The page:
Pentium III 600 overclocks as standard

Intel doesn't put its money where its mouth is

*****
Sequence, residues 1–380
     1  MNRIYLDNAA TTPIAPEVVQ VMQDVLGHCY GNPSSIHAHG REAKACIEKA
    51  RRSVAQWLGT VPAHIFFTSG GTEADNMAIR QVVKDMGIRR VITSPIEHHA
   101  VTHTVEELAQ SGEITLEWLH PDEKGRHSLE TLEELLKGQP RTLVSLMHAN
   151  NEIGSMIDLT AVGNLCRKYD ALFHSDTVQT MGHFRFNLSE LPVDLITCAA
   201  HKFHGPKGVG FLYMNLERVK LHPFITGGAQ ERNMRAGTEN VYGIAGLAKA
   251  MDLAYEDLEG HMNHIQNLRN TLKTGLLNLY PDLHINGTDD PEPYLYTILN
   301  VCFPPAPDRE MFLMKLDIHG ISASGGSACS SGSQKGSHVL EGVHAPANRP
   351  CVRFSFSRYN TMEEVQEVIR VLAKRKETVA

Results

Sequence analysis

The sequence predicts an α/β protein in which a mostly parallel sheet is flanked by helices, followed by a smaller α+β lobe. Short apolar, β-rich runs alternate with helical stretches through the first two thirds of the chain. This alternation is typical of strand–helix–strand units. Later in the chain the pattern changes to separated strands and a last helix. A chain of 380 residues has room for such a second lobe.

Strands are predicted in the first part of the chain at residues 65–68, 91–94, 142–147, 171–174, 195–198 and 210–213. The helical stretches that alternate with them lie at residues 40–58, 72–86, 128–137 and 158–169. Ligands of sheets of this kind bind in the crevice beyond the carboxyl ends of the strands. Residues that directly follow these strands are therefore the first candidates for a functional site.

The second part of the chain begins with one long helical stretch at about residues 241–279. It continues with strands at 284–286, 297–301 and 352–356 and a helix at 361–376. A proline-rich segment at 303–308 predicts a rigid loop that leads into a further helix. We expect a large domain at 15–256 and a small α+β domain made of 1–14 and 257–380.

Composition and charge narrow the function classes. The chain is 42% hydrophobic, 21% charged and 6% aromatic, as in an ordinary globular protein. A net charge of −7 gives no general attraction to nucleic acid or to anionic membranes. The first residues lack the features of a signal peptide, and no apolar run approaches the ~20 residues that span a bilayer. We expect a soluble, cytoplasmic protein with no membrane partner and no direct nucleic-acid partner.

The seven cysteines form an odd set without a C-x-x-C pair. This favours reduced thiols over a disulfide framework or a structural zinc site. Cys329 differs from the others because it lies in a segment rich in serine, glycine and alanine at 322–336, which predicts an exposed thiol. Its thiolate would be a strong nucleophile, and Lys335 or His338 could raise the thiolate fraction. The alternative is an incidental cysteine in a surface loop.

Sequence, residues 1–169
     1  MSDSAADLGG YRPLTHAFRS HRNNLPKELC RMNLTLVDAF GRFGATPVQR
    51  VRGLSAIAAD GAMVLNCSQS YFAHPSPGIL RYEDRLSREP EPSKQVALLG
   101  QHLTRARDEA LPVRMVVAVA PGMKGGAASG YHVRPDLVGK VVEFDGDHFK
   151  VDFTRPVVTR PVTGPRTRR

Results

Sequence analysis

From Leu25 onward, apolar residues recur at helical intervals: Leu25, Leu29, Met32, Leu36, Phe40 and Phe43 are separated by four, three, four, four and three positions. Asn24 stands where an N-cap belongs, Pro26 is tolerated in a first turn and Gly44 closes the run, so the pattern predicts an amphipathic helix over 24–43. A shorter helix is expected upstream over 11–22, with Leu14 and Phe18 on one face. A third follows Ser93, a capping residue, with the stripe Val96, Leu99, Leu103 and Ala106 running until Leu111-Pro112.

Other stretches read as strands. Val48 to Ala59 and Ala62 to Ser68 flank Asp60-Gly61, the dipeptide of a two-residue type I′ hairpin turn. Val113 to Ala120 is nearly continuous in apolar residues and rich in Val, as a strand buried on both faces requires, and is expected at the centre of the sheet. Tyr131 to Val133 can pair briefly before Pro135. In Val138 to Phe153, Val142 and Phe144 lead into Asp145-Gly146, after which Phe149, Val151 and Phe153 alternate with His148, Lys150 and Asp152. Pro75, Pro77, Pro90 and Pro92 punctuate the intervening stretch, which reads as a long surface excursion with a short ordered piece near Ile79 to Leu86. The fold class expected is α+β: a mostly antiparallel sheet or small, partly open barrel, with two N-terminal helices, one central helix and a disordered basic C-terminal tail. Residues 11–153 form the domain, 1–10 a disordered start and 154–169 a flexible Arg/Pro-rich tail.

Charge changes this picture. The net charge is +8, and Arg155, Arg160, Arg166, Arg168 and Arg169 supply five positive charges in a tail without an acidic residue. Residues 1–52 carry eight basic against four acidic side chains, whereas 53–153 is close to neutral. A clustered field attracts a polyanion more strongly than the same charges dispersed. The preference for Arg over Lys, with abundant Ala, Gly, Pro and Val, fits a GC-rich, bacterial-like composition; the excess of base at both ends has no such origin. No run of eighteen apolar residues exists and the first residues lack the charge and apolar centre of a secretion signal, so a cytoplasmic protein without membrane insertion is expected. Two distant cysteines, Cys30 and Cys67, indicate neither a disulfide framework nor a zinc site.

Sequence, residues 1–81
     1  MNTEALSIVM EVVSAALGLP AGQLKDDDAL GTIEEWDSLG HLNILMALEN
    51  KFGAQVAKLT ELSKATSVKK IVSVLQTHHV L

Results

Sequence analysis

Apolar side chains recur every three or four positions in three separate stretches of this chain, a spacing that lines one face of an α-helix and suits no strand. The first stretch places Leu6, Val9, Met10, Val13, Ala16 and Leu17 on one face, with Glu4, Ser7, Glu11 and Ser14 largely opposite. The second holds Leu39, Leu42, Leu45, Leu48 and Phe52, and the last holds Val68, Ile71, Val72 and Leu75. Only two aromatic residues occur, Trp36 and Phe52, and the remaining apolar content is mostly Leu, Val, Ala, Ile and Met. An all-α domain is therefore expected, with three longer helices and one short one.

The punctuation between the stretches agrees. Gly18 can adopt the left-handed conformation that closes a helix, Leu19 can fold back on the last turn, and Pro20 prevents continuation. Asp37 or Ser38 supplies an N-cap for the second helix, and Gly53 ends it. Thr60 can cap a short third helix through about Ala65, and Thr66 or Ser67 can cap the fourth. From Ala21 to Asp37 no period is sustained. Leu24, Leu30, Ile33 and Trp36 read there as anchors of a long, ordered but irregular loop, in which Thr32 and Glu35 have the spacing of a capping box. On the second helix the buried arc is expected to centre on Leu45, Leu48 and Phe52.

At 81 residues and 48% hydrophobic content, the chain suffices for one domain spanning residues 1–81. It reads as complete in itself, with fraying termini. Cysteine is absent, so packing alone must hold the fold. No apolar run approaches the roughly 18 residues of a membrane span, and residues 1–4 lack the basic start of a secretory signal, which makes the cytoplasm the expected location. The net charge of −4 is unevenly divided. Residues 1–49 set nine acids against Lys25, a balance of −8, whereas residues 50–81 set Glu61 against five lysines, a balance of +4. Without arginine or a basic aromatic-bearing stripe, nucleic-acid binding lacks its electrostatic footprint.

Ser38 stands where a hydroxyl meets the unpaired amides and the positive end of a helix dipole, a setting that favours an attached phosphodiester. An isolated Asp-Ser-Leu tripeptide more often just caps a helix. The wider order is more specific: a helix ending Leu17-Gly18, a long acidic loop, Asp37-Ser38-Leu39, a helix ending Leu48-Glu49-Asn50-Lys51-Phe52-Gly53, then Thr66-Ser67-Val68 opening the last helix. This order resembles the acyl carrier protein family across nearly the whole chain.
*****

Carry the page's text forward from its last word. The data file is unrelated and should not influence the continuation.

Amidst the invective and praise heaped on my shoulders following last week's overclocking story, some interesting snippets emerged. Several readers claimed that Intel itself, while corporately standing on a chair screaming its lungs out at the very mention of overclocking, resorts to upping core voltages to achieve reliable performance of the current top-end desktop chip, the PIII 600. A quick trip to the Chipzilla website revealed that they were indeed speaking the truth. The latest SL3JT 600MHz P3 shares the same stepping, core stepping and tagRAM stepping as the original SL35E 500MHz chip introduced at the beginning of the year. The only difference is an increase in clock multiplier from 5X to 6X and core voltage from 2.0V to 2.05V. Such a voltage increase is common practice amongst overclockers striving to get maximum performance from a CPU and is needed to achieve reliable operation at higher than designed clock speeds. This would seem to indicate that the venerable Deschutes core is very close indeed -- if not already beyond -- its designed performance level. It is indeed lucky that Intel has Coppermine is lurking just around the corner... ®: Register factoid: The core voltage of Slot 1 processors is automatically selected by motherboards by means of five of the connections on the cartridge. When all five are connected to earth the voltage is switched to 2.05V. A handy chart provided on the Intel website shows the required combinations to increase core voltage to 3.5V -- please don't try this at home... Related stories Overclocking -- just say no Overclocking -- just say yes/no/maybe

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